Archaeologists Unearth Coins, Iron Artifacts, Ceramics at Medieval Bulgarian Fortress Cherven
A wide range of archaeological artifacts have been discovered by the archaeologists who have carried out brief excavations in Cherven, one of the major urban, religious, and economic centers of the Second Bulgarian Empire (1185-1396 AD).
The latest finds from Cherven, whose ruins are located near the modern-day town of Cherven, Ivanovo Municipality (Ivanovo itself is famous for its rock monasteries), Ruse District, in Northeast Bulgaria, include coins, iron artifacts, fragments from ceramic vessels, and construction ceramics, the Regional Museum of History in the Danube city of Ruse has announced.
The 2015 summer digs at the once glorious medieval city of Cherven razed to the ground by the invading Ottoman Turks in the 14th century AD have been really brief – they took place between September 7 and September 15.
This was most probably due to lack of government funding about which a number of Bulgarian archaeologists have complained, even though the release of the Ruse Museum does not mention that.
The fresh excavations in the Cherven Fortress have been performed by archaeologists from the Ruse Regional Museum of History and the Pavlikeni Museum of History.
They have focused on the digs inside the inner city of Cherven where in recent years the archaeologists have unearthed a church dubbed “Church No. 13”, a necropolis, and a craftsmen’s quarter.
Last summer, in 2014, Bulgarian archaeologists and archaeology students from the UK explored a new section of a previously known medieval necropolis in the city of Cherven.
While Cherven was one of the largest urban centers in the Second Bulgarian Tsardom (Empire), it has a much longer history, as its area also features remains from an Ancient Thracian settlement, an early Byzantine fortress, as well as several settlements from the time of the First Bulgarian Empire (680-1018 AD).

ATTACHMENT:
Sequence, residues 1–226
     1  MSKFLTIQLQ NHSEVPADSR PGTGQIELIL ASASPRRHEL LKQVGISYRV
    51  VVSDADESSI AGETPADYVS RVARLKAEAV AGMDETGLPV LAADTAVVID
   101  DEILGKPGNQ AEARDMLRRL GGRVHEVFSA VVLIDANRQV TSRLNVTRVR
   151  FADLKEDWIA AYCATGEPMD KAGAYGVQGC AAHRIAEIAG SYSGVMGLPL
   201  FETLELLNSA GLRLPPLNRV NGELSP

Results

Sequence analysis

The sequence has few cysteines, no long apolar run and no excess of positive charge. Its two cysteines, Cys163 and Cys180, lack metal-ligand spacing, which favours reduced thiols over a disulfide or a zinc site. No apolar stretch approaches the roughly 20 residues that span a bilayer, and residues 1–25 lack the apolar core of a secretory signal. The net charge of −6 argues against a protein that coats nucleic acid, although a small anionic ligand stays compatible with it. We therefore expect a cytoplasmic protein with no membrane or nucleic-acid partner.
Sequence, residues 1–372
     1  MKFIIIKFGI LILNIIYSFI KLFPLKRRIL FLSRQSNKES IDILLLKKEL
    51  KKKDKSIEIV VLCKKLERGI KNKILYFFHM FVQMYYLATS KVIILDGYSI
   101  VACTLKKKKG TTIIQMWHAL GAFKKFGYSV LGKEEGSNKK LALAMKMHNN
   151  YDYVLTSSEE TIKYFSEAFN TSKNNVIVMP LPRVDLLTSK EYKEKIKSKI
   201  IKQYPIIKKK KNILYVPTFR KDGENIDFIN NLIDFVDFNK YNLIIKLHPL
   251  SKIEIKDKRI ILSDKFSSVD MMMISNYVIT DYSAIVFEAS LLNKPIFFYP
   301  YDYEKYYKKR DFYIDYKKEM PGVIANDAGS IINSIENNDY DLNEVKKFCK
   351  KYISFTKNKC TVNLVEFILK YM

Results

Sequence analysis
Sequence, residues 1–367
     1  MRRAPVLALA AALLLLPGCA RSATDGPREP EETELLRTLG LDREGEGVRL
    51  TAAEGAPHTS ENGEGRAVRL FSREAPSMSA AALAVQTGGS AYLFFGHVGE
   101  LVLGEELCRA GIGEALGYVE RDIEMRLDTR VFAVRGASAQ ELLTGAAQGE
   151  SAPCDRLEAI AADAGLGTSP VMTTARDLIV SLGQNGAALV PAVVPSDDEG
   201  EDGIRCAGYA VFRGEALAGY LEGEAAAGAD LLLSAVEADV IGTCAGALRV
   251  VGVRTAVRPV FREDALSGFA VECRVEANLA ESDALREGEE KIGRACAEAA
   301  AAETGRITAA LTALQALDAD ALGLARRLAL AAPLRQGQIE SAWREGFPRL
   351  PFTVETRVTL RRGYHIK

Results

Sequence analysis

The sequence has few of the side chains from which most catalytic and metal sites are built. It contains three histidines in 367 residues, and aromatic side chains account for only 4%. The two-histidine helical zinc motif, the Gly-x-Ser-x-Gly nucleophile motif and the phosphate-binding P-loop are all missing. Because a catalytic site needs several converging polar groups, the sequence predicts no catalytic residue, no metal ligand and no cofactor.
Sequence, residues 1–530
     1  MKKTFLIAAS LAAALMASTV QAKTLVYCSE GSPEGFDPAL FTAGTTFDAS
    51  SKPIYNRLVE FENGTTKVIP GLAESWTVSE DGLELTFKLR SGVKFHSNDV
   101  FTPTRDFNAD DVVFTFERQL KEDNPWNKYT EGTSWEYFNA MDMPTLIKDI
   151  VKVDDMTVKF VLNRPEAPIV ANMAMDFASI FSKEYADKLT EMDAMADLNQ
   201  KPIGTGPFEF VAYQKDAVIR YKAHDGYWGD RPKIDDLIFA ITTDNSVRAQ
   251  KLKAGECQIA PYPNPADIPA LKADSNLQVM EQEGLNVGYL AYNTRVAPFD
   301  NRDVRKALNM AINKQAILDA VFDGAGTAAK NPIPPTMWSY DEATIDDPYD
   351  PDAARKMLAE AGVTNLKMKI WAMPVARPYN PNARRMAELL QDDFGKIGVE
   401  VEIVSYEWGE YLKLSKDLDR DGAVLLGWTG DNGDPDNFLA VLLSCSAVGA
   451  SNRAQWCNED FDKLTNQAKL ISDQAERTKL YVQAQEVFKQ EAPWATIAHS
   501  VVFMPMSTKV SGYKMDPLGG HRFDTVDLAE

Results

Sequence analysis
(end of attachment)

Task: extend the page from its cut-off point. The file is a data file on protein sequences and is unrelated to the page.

During the period of the Second Bulgarian Empire (1185-1396 AD), and especially in the 14th century Cherven became one of Bulgaria’s most important cities.
It has been excavated since 1910, with early 20th century excavations being led by Vasil Zlatarski, one of the most renowned Bulgarian historians and archaeologists from the early years of the Third Bulgarian Tsardom formed after Bulgaria’s Liberation from the Ottoman Turkish Empire in 1878.
One interesting fact about Cherven is that so far the archaeologists have found a total of 80 medieval inscriptions about church donors there, more than in the capital of the Second Bulgarian Empire, Veliko Tarnovo, where a total of 60 such inscriptions have been found. This is seen as a testimony to Cherven’s importance during the Middle Ages.
The Cherven Archaeological Preserve is located within the Rusenski Lom Natural Park, along the canyon of the Cherni Lom River, in a truly magical and picturesque landscape.
The ruins of the medieval Bulgarian city of Cherven are found on a high rock while today’s town of Cherven, which was set up by survivors after the Ottoman conquest, is located down in the river gorge.
The medieval Bulgarian city of Cherven was one of the most important urban centers in the Second Bulgarian Empire (1185-1396 AD). It is located in today’s Ivanovo Municipality, 35 km south of the Danube city of Ruse, on a rock overlooking the picturesque canyon of the Cherni Lom River, within the Rusenski Lom Natural Park.
It experienced dynamic urban growth after Bulgaria’s liberation from the Byzantine Empire in 1185 AD, and rose to great importance during the 14th century.
A total of 80 medieval inscriptions about church donors have been there, more than in the capital of the Second Bulgarian Empire, Veliko Tarnovo, where a total of 60 such inscriptions have been found, a testimony to Cherven’s importance during the Middle Ages.
It was a center of Christianity as the seat of the Cherven Metropolitan and a center of craftsmanship. Cherven was conquered and ransacked by the Ottoman Turks in 1388 AD.
After the Ottoman Turkish conquest, it briefly preserved some administrative functions but waned and essentially disappeared as an urban center. Some of its survivors settled nearby into the newly founded village of Cherven.
Cherven was first excavated in 1910 by renowned Bulgarian historian and archaeologist Vasil Zlatarski. It has been regularly excavated since 1961. In the recent decades, it has been excavated by Stoyan Yordanov from the Ruse Regional Museum of History.
Archaeologists have discovered there a large feudal palace, fortified walls reaching up to 3 m in width, two well-preserved underground water supply passages, a total of 13 churches, administrative and residential buildings, workshops and streets.
A famous 12 m-high three-storey tower, known as the Cherven Tower, from the 14th century has also been fully preserved and was even used as a model for the reconstruction of Baldwin’s Tower in the Tsarevets Hill in Veliko Tarnovo in 1930.
Cherven’s site also features remains from an Ancient Thracian settlement, a 6th century early Byzantine fortress, and several settlements from the period of the First Bulgarian Empire (680-1018 AD).